Cultured Palate: International Dishes from England

Bubble and Squeak

While England can rightly be considered a paradise of agricultural richness, the cultural legacy of two World Wars back-to-back has made them a frugal nation. Many signature British dishes are out of leftovers – like bubble and squeak.

Bubble and squeak is made with leftover roasted meat or vegetables, which are mixed with mashed potatoes and fried until browned. It can be served solo or as part of a full English breakfast. The name comes from the sound that cabbage makes as it’s added to the pan.

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Ploughman’s Lunch

Although this dish has been eaten in some form for centuries, it was given the formal name of ploughman’s lunch during the 1950s, when the British Cheese Bureau started advocating for families to consume more cheese after the war years rationing came to an end.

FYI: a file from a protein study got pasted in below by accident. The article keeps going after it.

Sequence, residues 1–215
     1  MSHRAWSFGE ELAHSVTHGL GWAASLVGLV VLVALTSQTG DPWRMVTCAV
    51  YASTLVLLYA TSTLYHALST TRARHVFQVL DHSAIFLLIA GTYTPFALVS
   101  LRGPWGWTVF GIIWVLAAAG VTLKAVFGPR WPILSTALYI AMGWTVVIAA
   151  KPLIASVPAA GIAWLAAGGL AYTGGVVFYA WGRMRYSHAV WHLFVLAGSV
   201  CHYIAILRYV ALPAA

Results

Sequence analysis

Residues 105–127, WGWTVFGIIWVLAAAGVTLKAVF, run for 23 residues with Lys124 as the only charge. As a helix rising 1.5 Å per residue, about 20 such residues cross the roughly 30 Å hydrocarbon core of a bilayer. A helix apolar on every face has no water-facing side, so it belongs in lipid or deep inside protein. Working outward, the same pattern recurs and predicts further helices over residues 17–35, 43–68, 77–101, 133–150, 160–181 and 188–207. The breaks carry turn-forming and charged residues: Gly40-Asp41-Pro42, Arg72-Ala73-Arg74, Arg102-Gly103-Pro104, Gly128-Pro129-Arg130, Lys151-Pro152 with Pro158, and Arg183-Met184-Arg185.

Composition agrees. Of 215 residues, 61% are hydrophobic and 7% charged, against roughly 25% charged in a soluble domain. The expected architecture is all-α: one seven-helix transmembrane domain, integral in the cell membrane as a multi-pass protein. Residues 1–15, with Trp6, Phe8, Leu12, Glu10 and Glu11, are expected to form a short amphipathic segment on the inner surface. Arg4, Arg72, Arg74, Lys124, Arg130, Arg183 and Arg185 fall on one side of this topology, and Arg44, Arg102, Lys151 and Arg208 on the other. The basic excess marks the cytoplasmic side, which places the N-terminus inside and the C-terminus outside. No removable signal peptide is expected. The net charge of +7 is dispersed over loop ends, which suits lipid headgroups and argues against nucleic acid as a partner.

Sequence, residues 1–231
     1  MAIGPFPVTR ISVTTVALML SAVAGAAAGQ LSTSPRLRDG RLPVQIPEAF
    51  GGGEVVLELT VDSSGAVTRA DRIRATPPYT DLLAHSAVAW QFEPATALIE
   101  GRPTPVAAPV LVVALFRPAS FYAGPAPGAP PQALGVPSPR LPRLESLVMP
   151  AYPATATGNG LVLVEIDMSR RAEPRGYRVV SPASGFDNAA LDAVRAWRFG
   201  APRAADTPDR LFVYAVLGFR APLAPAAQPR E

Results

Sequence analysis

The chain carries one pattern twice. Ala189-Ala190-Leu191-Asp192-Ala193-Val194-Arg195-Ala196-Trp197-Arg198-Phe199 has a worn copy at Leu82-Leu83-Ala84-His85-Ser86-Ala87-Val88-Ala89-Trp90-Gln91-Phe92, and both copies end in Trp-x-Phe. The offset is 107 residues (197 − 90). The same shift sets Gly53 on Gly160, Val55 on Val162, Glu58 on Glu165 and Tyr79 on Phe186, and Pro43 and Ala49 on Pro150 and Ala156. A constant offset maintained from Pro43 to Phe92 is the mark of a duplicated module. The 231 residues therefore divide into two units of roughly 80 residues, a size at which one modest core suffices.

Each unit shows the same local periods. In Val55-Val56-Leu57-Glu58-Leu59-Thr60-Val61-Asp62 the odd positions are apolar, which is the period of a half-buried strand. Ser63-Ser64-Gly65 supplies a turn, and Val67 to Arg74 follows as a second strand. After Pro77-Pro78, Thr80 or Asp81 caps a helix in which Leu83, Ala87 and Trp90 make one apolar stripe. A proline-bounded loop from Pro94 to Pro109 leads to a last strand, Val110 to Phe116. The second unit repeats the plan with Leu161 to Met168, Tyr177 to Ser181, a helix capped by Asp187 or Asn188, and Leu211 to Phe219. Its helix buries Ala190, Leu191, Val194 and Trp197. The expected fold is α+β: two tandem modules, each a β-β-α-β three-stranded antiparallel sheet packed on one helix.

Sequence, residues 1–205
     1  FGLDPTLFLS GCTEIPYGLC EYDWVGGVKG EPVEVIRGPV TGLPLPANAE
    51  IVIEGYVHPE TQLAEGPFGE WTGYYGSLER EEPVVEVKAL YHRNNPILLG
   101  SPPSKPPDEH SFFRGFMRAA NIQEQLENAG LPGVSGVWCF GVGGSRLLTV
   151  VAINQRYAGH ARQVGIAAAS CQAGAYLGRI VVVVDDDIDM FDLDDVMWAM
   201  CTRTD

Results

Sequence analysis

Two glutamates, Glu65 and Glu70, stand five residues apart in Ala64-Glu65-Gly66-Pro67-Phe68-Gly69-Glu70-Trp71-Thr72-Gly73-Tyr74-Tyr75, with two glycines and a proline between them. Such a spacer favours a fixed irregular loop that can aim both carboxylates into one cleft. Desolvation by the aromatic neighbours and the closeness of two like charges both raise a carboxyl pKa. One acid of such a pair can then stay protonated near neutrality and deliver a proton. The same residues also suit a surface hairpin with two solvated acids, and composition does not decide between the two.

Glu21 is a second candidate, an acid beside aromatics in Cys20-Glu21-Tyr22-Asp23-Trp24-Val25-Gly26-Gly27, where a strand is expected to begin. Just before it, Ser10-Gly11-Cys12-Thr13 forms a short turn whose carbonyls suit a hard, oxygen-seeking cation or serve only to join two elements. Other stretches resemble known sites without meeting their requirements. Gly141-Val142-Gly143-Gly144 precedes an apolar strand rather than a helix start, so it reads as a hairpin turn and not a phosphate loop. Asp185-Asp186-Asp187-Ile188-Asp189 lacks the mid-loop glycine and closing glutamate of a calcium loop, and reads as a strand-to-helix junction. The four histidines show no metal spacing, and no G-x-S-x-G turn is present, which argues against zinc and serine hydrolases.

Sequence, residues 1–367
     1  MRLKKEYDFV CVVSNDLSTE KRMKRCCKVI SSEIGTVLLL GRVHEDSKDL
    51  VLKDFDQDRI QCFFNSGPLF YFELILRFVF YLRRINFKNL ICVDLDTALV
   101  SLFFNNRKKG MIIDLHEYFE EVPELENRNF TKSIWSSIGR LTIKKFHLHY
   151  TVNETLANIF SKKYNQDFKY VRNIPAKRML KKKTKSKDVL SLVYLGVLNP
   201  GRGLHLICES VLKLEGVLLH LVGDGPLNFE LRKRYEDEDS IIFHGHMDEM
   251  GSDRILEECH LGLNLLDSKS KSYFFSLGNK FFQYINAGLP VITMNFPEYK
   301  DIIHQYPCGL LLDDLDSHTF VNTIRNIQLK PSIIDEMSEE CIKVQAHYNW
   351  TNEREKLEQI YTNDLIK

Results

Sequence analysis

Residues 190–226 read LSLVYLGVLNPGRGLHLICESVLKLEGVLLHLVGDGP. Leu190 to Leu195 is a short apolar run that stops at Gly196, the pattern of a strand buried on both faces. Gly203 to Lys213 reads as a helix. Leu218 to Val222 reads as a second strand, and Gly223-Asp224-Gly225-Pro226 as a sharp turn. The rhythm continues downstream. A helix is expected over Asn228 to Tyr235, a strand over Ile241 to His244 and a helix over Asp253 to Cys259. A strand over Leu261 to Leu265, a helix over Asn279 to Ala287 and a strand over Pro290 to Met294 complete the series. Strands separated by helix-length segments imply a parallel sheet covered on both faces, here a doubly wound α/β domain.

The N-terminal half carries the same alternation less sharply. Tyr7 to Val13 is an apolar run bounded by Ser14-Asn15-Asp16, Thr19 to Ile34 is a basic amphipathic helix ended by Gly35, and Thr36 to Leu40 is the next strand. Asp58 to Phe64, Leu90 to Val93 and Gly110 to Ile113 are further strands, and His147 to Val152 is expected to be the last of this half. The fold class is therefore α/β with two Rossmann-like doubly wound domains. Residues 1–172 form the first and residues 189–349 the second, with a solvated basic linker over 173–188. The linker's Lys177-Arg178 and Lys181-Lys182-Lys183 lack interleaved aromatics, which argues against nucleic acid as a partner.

The ploughman’s lunch typically consists of cheese (look for a pub or restaurant serving a good selection of native English cheeses like Stilton, Caerphilly, or Red Leicester), a chunk of freshly baked bread, pickles, and a pint of ale. If you’re short on cash, make your own ploughman’s lunch by hitting up a local grocery store.

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Chicken Tikka Masala

The origin of this dish has long been contested. It has its roots in Punjabi cuisine but it is milder than other typical Indian curry dishes. The restaurant that claims to have served the first dish of chicken tikka masala is in Glasgow, Scotland. The proprietor of Shish Mahal is a British-Bangladeshi chef who made the dish by adding tomato soup to chicken curry, which made a delicious and savory sauce that’s become a British favorite.

The reason it caught on in popularity more than other type of curry is because most British people are used to having their meat served with gravy, so they appreciate the excess of sauce that can be used to flavor rice, or even used to dip French fries.

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